While the Army remains focused on being needed for counterinsurgency possibilities across the globe and hybrid-type wars involving groups of terrorists armed with conventional weapons and precision-guided missiles — the service is identifying, refining and integrating technologies, such as its emerging Joint Light Tactical Vehicle, with a specific mind to attacking enemies and protecting Soldiers in major-power war, service officials said.
As evidence of this approach, Lt. Gen. Michael Williamson, Military Deputy to the Assistant Secretary of the Army, Acquisition, Logistics Technology, said the multi-year developmental effort of the new Humvee replacement has been focused on engineering a vehicle able to help the Army win wars against a large, near-peer adversary.
As part of this effort, the Army is looking at options to up-gun JLTV with more lethal weapons such as a 30mm cannon. JLTV maker Oshkosh recently unveiled a 30mm cannon-armed JLTV at the Association of the United States Army Annual Symposium last Fall.
In a special exclusive interview with Scout Warrior, Williamson pointed to some of the attributes of the Army’s new Joint Light Tactical Vehicle, or JLTV, as a platform well-engineered for large-scale mechanized warfare. Communications technologies, sensors, computers and extra add-on armor protection are, by design, some of the attributes intended to allow the vehicle to network the battlefield and safely deliver Soldiers to a wide-range of large-scale combat engagements.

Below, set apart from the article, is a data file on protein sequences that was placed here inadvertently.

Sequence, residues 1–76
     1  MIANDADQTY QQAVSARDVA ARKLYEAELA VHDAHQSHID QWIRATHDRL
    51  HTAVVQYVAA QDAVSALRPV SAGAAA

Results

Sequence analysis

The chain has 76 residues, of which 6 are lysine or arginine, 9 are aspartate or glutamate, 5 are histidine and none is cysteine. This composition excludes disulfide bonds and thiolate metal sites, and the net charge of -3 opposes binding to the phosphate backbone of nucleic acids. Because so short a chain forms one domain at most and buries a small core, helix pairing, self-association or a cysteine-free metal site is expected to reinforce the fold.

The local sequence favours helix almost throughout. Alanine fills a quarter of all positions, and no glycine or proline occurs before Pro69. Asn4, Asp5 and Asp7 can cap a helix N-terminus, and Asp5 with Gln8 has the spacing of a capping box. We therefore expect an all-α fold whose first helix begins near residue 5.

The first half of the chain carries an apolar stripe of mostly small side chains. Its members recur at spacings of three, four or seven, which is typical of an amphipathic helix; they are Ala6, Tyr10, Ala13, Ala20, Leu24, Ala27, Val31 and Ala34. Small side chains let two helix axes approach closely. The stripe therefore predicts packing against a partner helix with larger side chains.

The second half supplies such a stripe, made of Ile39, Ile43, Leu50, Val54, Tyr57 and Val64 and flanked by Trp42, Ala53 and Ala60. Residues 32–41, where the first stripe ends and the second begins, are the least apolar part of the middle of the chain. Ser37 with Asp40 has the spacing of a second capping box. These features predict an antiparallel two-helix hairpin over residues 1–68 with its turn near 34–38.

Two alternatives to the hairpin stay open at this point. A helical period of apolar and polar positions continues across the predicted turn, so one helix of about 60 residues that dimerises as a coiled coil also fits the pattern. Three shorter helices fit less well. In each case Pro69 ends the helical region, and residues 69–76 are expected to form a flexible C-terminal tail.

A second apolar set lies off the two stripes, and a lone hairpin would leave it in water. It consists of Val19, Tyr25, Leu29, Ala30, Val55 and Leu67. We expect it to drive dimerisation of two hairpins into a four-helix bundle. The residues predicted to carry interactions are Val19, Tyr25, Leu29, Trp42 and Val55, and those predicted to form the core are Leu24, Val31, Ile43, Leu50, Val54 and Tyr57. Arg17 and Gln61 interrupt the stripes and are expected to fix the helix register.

Several reports, from Breaking Defense and Military.com, have said that the Army is preparing to use its JLTV for missions previously slated for a Light Reconnaissance Vehicle, or LRV. The LRV mission sets, can be met by a better armed JLTV, allowing the Army to forgo construction of a new lightweight vehicle and therefore save money.
The Army has received the first 7 “test” vehicles from by Oshkosh Defense at different sites around the force.
A total of about 100 of the JLTV “production vehicles” will be provided to the Army and Marine Corps for testing over the next year, at a rate of about 10 per month, officials said. The vehicles will undergo maneuverability and automotive testing at Yuma Proving Ground, Arizona, and other sites around the country. In addition to testing at Yuma, the vehicles will undergo testing for cyber integration of command, control, communications and intelligence at the Electronics Proving Ground on Fort Huachuca, Arizona, an Army statement said. The vehicles will also be tested for automotive performance at Aberdeen Proving Ground, Maryland and the Cold Regions Test Center on Fort Greely, Alaska.
“It’s on schedule,” Scott Davis, program executive officer for combat support and combat service support, said in an article from Army.mil. “It’s doing everything we ever expected it to. It’s just incredible.”
JLTV-Prepared for Major Power War